Climate Change, Global Warming and Lima Conference,2014

Lima conference on climate change has once again brought climate change to the attention of entire world.

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What is climate change?

The climate of the planet has been changing over a period. The present average global temperature of 15C is estimated to be much higher compared to that in the past. A normal fluctuation is normal, but the warming of the globe in the recent past has been at a much swift pace, mainly because of human induced reasons.  This has the power to overturn the stability of the climate of the earth.  The average temperature of the globe increased by 0.8C in the last 100 years, of this 0.6C has been in the last 30 years. This is  really an alarm signal. Average increase in sea levels as a result of melting of glaciers is a clear indication that the temperature is going up.      

Climate change and green house effect: What is the relation?

Water vapour, Carbon-dioxide (CO2), methane (CH4),nitrous oxide (N2O) and ozone  are the major constituents of  greenhouse gases. 

Green house effect is the process by which thermal radiation from the earth is absorbed by these gases and re-radiated in different directions. Part of this radiation is towards the earth surface itself. This increases the temperature of lower atmosphere and  the earth surface. Had the presence of greenhouse gas not been there, the temperature of the globe would have been lower by around 30C making it uninhabitable. Thus the presence of green house gases is essential for human survival, but when the presence is more than required, it leads to negative effects. 

With the progress in the fields of industry and agriculture and with increase in the number of vehicles being used, generation more green house gases is taking place. Methane and carbon dioxide are the major gases thus generated. Naturally also, these gases are generated, but due to human causes, the pace of generation has increased substantially.  As the presence of greenhouse gases increases, more heat gets trapped in the atmosphere leading to higher temperature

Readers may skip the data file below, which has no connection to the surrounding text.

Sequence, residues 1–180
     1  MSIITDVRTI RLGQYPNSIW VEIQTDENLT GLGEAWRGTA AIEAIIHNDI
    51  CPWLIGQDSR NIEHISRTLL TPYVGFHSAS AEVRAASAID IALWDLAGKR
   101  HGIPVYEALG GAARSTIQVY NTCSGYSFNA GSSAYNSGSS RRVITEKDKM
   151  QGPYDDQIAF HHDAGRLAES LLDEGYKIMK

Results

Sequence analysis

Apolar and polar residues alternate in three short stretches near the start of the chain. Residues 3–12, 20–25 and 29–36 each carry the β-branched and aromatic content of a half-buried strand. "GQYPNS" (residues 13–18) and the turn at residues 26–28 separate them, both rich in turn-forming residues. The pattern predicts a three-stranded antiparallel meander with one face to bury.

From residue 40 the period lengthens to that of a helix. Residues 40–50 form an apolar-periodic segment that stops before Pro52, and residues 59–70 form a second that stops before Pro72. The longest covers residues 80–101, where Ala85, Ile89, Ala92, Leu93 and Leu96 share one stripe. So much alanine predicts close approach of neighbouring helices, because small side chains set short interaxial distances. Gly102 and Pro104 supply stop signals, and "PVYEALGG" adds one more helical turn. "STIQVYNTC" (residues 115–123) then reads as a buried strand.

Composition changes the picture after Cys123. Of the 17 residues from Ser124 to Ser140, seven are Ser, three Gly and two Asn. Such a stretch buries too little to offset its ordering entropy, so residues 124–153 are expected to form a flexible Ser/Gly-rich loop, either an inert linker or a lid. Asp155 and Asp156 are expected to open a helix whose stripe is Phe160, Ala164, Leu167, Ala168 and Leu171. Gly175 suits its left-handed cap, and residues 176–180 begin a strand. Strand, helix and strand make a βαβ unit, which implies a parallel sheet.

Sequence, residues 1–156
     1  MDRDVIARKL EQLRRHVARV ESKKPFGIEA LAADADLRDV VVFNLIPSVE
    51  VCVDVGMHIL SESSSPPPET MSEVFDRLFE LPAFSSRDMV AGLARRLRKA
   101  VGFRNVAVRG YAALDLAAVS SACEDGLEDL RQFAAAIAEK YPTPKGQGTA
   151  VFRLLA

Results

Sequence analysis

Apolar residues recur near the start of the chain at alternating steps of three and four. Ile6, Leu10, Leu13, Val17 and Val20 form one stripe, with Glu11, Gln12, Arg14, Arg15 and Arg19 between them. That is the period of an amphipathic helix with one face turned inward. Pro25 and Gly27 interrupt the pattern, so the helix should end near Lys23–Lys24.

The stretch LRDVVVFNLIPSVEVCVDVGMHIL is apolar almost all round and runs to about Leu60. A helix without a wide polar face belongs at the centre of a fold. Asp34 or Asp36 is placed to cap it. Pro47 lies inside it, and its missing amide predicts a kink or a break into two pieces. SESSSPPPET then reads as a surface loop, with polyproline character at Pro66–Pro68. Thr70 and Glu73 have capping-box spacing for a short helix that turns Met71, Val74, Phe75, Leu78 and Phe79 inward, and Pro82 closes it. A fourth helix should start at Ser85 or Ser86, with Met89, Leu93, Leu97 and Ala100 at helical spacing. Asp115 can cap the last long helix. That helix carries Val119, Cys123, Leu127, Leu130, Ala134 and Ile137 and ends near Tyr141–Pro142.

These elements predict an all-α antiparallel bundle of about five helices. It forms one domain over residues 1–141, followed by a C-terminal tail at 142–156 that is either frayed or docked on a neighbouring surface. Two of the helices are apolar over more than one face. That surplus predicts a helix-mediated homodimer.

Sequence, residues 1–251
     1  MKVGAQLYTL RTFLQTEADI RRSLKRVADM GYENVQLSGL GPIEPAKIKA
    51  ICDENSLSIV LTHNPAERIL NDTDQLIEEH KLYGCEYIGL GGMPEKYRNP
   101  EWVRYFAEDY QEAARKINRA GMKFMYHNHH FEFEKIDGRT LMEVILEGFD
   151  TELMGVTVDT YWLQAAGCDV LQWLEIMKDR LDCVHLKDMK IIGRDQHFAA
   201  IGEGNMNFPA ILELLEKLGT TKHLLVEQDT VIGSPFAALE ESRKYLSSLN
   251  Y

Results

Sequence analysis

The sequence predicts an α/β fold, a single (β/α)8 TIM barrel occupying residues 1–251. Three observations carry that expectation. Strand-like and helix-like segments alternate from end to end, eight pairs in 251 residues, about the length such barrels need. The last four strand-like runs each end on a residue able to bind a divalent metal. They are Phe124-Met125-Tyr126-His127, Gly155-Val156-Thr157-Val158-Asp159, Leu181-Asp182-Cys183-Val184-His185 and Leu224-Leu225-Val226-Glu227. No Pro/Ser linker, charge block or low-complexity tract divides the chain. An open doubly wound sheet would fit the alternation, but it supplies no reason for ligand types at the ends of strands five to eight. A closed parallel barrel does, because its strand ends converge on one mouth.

What are the future impacts of climate changes?

Scientists have not so far succeeded in  accurately predicting the impact. It is estimated that climate changes may lead to drinking water scarcity, changes in weather and food production conditions. Severe   floods, droughts, storms and  heat waves are other expected outcomes. The impact will be more on poorer countries  as they are unable to cope up with the drastic changes or disasters arising from climate change.  

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Climate change: Major past developments 

French physicist Joseph Fourier was the first to mention about greenhouse effect in 1824. In 1975, US scientist Wallace Broecker in his research paper mentioned the term global warming for the first time. In 1987, Montreal Protocol agreed for control of chemicals that damage the ozone layer.  Intergovernmental Panel on Climate Change (IPCC) was formed in 1988 to study and collect data on climate change. Kyoto Protocol of 1997 made developed nations to pledge to reduce emissions by an average 5% by 2008-12. By 2006, carbon emissions from fossil fuel reached eight billion tonnes per year and in 2011global human population crossed seven billion. In 2013, the IPCC's report pointed out that it is 95% certain that humans are the "dominant cause" of global warming.

Lima conference on climate change and the outcome.

194 countries participated in the summit held in December 2014 in  Lima, Peru,  . According to poor countries, their developed counterparts are the major contributors for the effect and they continue to accuse rich nations for not taking enough steps to control global warming. The arguments and counter arguments continue, but  the good news is that UN members reached an agreement to tackle climate change, after stop less discussions  of 48 hours. 

The agreement restored a promise to poorer countries that a "loss and damage" scheme would be worked out to manage the financial implications of rising temperatures. It is proposed to have an ambitious agreement in 2015 taking care of “differentiated responsibilities and respective capabilities" of each nation.

The agreement has not lived up to the expectations of Environmental groups.  But something is better than nothing and let us hope that it becomes the first step in right direction. 
 

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